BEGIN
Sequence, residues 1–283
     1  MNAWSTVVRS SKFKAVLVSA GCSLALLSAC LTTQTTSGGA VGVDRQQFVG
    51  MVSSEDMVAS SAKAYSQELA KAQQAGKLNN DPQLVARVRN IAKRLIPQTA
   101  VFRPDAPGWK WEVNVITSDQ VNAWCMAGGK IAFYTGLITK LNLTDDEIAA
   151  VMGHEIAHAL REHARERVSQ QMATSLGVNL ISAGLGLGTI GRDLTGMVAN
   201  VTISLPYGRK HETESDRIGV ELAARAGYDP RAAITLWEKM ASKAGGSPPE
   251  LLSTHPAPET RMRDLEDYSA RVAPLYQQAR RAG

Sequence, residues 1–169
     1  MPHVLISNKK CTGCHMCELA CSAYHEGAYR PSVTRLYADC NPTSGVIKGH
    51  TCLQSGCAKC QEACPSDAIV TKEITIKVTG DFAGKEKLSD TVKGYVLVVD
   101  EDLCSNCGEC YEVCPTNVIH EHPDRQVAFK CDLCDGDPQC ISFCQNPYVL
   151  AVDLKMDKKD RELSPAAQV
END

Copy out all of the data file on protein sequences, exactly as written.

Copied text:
Sequence, residues 1–283
     1  MNAWSTVVRS SKFKAVLVSA GCSLALLSAC LTTQTTSGGA VGVDRQQFVG
    51  MVSSEDMVAS SAKAYSQELA KAQQAGKLNN DPQLVARVRN IAKRLIPQTA
   101  VFRPDAPGWK WEVNVITSDQ VNAWCMAGGK IAFYTGLITK LNLTDDEIAA
   151  VMGHEIAHAL REHARERVSQ QMATSLGVNL ISAGLGLGTI GRDLTGMVAN
   201  VTISLPYGRK HETESDRIGV ELAARAGYDP RAAITLWEKM ASKAGGSPPE
   251  LLSTHPAPET RMRDLEDYSA RVAPLYQQAR RAG

Sequence, residues 1–169
     1  MPHVLISNKK CTGCHMCELA CSAYHEGAYR PSVTRLYADC NPTSGVIKGH
    51  TCLQSGCAKC QEACPSDAIV TKEITIKVTG DFAGKEKLSD TVKGYVLVVD
   101  EDLCSNCGEC YEVCPTNVIH EHPDRQVAFK CDLCDGDPQC ISFCQNPYVL
   151  AVDLKMDKKD RELSPAAQV